Administration officials recently began informal consultations with lawmakers about prospective sales of armed drones and weapons systems to NATO members Italy and Turkey, while several U.S. allies in the Persian Gulf have been pressing Washington to authorize drone sales, officials said.
The Pentagon's proposed sales have set off a behind-the-scenes debate between the administration and some members of Congress over whether the U.S. should speed the spread of a technology that will allow other countries to carry out military strikes by remote control.
"Collateral damage" is the Pentagon's rancid term for maiming and killing innocent bystanders during military operations. Depending on the source, the ratio of civilians to targeted militants killed by U.S. drones in Pakistan runs as high as 10 to 1 or as low as 1 in 5. But in addition to the moral issues behind both assassination of specified individuals that works and taking out wedding receptions by mistake, there are other matters, utilitarian rather humanitarian. What happens as drone technology spreads to other countries and they begin to use it the same way Washington has chosen to do? As well as what happens if that way includes striking U.S. or U.S.-owned targets?
The pattern is always the same. The military-industrial complex is eager for more sales than even the Pentagon and its gigantic budget will allow. So the product, say F-16 fighter-jets slightly less advanced than what America has in its own arsenal, are sold abroad. Then come the lucrative upgrades as new technology designed by friend and potential foe makes the old obsolete. They call it the arms race, but it's just as much a sales race.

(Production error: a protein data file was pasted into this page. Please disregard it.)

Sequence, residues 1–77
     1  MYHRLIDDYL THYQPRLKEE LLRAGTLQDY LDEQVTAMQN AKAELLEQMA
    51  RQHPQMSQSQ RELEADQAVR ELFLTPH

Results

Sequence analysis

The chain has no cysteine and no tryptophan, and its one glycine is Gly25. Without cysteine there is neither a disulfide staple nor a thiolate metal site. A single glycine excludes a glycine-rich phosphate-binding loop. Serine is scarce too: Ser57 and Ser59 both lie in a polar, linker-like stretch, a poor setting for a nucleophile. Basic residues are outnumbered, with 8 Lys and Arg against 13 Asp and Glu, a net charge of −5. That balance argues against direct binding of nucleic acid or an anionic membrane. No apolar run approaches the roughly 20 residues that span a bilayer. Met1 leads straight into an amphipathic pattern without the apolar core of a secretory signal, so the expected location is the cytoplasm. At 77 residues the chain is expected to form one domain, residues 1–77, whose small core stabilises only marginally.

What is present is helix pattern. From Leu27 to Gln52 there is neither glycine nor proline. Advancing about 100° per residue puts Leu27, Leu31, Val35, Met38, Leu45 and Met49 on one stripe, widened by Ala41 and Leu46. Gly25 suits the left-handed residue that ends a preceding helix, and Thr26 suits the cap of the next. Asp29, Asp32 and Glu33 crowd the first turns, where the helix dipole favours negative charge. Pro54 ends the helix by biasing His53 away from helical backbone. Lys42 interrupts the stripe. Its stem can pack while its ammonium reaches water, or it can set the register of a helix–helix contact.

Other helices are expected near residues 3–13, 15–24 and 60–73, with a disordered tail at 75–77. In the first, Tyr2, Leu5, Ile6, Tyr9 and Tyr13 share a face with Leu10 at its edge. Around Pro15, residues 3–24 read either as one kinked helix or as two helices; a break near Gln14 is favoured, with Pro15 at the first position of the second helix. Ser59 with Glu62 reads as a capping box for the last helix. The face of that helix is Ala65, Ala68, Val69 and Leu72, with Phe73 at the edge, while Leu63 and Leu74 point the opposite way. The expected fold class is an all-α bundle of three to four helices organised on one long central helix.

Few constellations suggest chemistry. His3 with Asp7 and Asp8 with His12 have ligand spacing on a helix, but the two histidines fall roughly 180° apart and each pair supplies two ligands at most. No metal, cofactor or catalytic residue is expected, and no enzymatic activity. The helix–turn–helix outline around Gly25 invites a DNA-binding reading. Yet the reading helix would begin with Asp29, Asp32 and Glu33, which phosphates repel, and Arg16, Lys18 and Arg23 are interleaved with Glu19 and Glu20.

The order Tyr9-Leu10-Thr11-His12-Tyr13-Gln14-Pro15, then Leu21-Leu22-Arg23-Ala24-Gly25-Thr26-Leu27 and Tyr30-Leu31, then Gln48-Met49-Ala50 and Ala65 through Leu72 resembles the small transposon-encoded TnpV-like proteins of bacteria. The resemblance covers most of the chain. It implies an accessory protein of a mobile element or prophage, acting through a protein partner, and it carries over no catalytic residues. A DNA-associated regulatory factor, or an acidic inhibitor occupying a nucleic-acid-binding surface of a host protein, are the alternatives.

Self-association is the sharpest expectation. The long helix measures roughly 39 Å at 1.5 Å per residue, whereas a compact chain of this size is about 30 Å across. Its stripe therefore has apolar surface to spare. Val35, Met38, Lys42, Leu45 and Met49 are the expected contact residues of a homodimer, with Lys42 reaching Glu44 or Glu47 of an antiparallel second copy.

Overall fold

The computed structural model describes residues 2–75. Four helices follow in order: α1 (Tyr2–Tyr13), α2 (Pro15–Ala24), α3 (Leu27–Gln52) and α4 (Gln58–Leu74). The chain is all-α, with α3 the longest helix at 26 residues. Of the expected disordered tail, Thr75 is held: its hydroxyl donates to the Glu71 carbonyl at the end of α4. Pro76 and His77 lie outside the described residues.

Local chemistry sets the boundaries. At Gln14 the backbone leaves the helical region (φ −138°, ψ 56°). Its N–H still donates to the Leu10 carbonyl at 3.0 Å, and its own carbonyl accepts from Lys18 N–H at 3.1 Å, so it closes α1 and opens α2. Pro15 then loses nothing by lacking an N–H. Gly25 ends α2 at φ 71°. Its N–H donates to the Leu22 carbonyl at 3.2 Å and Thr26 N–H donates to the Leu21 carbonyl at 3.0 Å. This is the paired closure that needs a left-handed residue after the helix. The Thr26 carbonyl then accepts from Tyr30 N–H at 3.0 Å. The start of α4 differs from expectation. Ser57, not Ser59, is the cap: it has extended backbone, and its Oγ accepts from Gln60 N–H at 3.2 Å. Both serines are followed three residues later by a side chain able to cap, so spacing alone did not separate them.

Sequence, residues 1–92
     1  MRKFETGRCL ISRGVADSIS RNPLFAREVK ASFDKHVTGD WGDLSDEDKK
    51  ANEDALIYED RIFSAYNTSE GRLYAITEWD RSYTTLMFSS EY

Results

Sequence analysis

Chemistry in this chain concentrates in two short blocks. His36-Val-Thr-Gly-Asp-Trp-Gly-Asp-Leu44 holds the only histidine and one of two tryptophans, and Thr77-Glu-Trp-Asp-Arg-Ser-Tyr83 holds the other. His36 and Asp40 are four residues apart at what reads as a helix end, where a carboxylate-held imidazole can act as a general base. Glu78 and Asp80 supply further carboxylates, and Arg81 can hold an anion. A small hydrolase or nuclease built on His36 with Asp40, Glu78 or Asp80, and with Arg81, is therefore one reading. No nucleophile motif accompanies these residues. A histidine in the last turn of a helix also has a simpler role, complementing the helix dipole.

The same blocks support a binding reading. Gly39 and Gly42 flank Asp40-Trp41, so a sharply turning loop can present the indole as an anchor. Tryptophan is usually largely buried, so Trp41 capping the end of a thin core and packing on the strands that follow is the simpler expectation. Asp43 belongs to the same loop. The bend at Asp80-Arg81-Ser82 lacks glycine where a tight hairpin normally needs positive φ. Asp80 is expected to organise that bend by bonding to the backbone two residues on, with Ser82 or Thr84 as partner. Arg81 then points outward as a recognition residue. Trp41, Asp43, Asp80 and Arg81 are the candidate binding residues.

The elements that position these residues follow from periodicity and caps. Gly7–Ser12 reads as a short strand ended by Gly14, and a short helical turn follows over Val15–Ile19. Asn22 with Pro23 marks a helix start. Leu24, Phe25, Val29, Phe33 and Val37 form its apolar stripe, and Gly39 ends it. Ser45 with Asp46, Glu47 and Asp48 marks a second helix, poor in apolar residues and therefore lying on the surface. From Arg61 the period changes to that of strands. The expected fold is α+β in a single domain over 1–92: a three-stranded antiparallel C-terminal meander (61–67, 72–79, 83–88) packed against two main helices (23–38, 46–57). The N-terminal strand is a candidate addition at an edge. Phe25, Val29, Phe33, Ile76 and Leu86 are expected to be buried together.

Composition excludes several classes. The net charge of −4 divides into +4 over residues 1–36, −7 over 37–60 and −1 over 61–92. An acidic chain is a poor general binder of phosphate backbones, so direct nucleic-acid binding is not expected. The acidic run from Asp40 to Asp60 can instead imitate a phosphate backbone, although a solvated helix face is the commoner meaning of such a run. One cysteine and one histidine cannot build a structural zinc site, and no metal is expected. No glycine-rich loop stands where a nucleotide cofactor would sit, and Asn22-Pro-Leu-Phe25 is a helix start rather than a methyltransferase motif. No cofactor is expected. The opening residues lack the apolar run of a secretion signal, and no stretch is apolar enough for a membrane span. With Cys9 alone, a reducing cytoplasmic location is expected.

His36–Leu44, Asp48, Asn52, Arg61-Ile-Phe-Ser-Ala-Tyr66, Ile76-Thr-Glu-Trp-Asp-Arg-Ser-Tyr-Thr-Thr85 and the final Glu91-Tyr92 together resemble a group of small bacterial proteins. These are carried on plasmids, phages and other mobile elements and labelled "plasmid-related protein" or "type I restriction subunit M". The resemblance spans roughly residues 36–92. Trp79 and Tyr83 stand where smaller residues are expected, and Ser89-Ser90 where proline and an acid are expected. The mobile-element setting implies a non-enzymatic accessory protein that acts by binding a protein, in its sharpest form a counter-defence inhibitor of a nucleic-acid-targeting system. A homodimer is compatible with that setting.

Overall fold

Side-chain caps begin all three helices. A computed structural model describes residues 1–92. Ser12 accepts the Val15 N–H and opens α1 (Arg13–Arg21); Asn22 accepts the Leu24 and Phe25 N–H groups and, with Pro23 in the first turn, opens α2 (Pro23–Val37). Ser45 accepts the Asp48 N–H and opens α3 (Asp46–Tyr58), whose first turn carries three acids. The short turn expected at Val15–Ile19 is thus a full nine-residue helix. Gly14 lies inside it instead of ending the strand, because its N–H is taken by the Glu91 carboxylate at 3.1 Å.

The administration has already sold unarmed drones (and armed ones to its close ally, Britain). But wider sales, even solely to NATO countries, have raised some red flags in Congress. For instance:
"There are some military technologies that I believe should not be shared with other countries, regardless of how close our partnership," said Senate Intelligence Committee Chairwoman Dianne Feinstein, a California Democrat. "The United States should be trying to control the proliferation of certain weapons, and I would put armed UAVs in that category."
From the viewpoint of the war profiteers and their puppet politicians, however, Feinstein's approach is nonsense. Failure to sell U.S.-made drones could send countries eager to engage in joystick warfare looking for sellers from other nations, thus costing export sales and jobs. Russia, China, Iran, Turkey, Britain, Israel and India are at various stages of developing their own pursuing drone technologies.
Arming six General Atomics-built Reaper drones that Italy already owns seems it will be the test case for U.S. sales. The deal is worth $393 million. But it has received what the Journal labels a "cool" response from congressional oversight committees. One unnamed official says that if the sale to Italy goes through, "the floodgates will open." The history of weapons development and sales tells us the deluge of drones is coming.
Cause for some to rub their palms in gleeful anticipation. Reason for shivers in the rest of us.